Since the removal of the netting over the Butterfly House in early November, there has been quite a bit of activity as we prepare for both winter and spring of 2022. While we were removing the net, we discovered five more spicebush swallowtail chrysalides and one additional cecropia cocoon and tucked them into the rearing cages in the Butterfly House.

In late December, the rearing cages were moved to a safer area, still remaining outdoors for the winter.  We expect the black swallowtail and spicebush swallowtail butterflies to emerge first followed by the Cecropia moths who will likely wait until June.  Our hope is to share their emergence with you this spring.

If you’ve recently been past the Pollinator Preserve, you have seen the general messiness intentionally left for our insect friends. The garden beds won’t win any awards for tidiness, but the leaves and dried perennial stems are providing vital overwintering habitat for pollinators and other insects.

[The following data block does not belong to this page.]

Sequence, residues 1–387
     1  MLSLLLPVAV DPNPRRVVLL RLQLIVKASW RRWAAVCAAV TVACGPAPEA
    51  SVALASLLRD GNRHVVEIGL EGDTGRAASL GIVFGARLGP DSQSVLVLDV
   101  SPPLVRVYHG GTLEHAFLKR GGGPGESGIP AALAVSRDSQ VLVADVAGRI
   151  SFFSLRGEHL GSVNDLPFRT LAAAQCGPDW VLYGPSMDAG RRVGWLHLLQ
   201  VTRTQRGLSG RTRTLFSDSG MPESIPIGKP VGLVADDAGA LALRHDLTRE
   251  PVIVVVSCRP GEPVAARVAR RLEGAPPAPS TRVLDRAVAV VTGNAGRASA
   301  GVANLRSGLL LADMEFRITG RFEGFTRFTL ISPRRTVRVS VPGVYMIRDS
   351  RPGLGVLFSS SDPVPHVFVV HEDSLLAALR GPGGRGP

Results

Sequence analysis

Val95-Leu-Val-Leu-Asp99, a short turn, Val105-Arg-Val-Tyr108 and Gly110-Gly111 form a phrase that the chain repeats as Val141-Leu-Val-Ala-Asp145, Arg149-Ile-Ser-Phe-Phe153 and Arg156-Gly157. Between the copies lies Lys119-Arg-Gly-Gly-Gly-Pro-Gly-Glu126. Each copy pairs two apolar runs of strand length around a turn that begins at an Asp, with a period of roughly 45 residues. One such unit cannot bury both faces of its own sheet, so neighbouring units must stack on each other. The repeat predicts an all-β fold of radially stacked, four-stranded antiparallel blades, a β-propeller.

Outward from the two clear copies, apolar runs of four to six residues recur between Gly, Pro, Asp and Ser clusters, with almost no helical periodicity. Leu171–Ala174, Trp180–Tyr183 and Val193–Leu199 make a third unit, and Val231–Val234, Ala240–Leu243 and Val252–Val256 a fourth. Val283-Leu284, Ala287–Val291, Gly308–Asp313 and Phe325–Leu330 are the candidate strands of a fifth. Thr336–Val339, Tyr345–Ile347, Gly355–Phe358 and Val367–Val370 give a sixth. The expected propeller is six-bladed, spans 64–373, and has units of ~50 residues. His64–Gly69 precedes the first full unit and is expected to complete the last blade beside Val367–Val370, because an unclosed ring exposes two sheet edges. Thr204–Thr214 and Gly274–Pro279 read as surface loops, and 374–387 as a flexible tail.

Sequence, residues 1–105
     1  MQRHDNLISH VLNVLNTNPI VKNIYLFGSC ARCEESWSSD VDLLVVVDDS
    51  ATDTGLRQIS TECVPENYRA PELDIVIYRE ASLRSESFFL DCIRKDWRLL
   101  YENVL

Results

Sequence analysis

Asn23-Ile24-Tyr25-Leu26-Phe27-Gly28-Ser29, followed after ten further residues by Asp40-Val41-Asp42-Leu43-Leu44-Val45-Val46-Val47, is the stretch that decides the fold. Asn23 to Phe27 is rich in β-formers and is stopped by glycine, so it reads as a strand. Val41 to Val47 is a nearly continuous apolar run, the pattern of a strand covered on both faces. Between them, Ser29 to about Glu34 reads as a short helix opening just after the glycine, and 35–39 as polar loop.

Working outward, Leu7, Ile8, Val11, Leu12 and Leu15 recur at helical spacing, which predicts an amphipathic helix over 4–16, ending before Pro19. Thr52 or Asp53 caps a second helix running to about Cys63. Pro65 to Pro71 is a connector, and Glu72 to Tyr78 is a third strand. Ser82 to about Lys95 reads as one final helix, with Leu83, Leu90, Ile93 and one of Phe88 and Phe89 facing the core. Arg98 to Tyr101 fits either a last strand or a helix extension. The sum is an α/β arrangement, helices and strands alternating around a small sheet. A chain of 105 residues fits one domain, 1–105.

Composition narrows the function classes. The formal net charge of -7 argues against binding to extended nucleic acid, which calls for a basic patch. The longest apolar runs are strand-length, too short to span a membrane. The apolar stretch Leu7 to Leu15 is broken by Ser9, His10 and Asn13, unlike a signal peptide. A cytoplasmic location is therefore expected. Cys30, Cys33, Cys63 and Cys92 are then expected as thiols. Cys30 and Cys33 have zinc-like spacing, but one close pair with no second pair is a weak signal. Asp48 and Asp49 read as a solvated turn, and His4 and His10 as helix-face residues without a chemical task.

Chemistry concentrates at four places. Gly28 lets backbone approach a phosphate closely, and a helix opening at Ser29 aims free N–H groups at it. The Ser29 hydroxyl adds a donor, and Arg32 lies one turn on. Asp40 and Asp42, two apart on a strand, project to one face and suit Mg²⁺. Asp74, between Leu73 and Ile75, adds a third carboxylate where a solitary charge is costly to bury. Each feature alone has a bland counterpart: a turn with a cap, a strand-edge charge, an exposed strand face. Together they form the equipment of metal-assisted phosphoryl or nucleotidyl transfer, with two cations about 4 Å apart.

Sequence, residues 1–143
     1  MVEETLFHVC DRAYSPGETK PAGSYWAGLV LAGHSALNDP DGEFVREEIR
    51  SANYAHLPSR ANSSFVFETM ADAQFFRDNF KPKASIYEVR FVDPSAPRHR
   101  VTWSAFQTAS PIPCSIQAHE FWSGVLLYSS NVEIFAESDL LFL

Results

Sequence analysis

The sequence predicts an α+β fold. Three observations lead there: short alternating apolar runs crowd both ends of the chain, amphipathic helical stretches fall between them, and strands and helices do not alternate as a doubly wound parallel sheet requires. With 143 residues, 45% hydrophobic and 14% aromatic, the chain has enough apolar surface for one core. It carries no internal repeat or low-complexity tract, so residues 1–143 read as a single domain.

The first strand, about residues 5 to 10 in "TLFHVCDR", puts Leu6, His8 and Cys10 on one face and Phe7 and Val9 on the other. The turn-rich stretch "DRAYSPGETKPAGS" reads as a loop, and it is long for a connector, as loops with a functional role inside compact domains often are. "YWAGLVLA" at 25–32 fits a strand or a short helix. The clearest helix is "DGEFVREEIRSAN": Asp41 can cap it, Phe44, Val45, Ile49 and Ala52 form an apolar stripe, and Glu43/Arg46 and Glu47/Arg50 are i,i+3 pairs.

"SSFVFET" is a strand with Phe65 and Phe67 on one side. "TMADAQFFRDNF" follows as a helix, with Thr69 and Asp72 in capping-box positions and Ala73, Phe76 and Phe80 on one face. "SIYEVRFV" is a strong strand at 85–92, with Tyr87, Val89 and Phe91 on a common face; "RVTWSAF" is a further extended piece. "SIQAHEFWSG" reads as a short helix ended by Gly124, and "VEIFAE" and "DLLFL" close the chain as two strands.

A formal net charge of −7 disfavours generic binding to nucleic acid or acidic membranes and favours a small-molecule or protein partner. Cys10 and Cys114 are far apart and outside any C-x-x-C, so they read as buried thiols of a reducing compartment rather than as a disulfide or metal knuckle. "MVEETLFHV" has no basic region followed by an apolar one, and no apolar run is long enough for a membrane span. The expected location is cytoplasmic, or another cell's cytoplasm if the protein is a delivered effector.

Bulbs have been planted for the early insects looking for nectar and for visitors to enjoy.  Some are in the gardens, and some have been layered into pots with the larger bulbs planted about six inches deep and the smaller bulbs 2-3 inches higher. Tulips, daffodils, crocus, alliums and blue-grape hyacinths will greet us with their colorful show as we begin to garden in earnest in the spring.

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